• What information is needed from participants that can inform decisions related to the design or implementation of an intervention?

 

Step 2: Define objectives

Formative research can have more than one objective, but each must be a clear statement about what you want to learn from the research. Use active words to state your objectives, that is, what you want the research to achieve, for example:

 
  • Describe how women search for information about family planning methods.
  • Determine the process men and women follow to decide whether or not to use family planning.
  • Identify reasons why women do not talk to their husbands about family planning.
  • Clarify how peer relationships affect family planning decisions among teenagers.
 
Determine whether each objective is:
 
  • Specific, focused, clearly described?
  • Relevant to the goals of the program and to the audience?
  • Feasible to discuss in an interview or FGD?
Drop or rewrite any that are not Specific, Relevant and Feasible.
 
Put the objectives into order of importance.
 
  • Which need to be answered first for program decision-making?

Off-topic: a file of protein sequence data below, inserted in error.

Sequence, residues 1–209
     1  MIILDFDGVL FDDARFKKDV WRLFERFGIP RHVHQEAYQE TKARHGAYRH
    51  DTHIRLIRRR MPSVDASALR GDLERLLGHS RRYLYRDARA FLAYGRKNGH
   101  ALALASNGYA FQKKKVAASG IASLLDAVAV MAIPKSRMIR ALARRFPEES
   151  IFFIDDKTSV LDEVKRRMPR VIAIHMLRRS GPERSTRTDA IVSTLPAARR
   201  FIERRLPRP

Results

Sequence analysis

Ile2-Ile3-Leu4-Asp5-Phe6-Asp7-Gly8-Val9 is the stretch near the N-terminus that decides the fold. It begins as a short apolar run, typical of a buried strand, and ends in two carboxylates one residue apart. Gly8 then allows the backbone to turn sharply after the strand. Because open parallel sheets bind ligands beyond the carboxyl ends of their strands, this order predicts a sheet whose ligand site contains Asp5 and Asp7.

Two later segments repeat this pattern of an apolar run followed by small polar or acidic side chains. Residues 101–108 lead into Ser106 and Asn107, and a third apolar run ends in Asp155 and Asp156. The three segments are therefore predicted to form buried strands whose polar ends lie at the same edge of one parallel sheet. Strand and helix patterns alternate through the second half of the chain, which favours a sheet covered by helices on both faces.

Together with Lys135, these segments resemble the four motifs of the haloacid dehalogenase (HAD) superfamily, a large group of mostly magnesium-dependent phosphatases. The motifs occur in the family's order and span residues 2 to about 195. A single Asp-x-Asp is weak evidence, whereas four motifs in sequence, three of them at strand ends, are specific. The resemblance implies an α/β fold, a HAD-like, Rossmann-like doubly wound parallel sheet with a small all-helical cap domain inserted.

• Which are useful to know but may not be as essential?

Step 3: Recruit the respondents

Who to recruit for FGDs or IDIs depends on the topic and, especially for FGDs, the sameness of the participants. Some topics may be important only to a specific group of people. For example, a study on breastfeeding practices will not be relevant to women who have never breastfed. Family planning, on the other hand, is an issue of some relevance to both married men and women but not to unmarried men and women. In the breastfeeding example women who are currently breastfeeding might have different attitudes, knowledge, and practices than women who breastfed years ago. If both subgroups of women are part of the intended audience, then more discussion groups or interviews may be needed to understand the differences between them.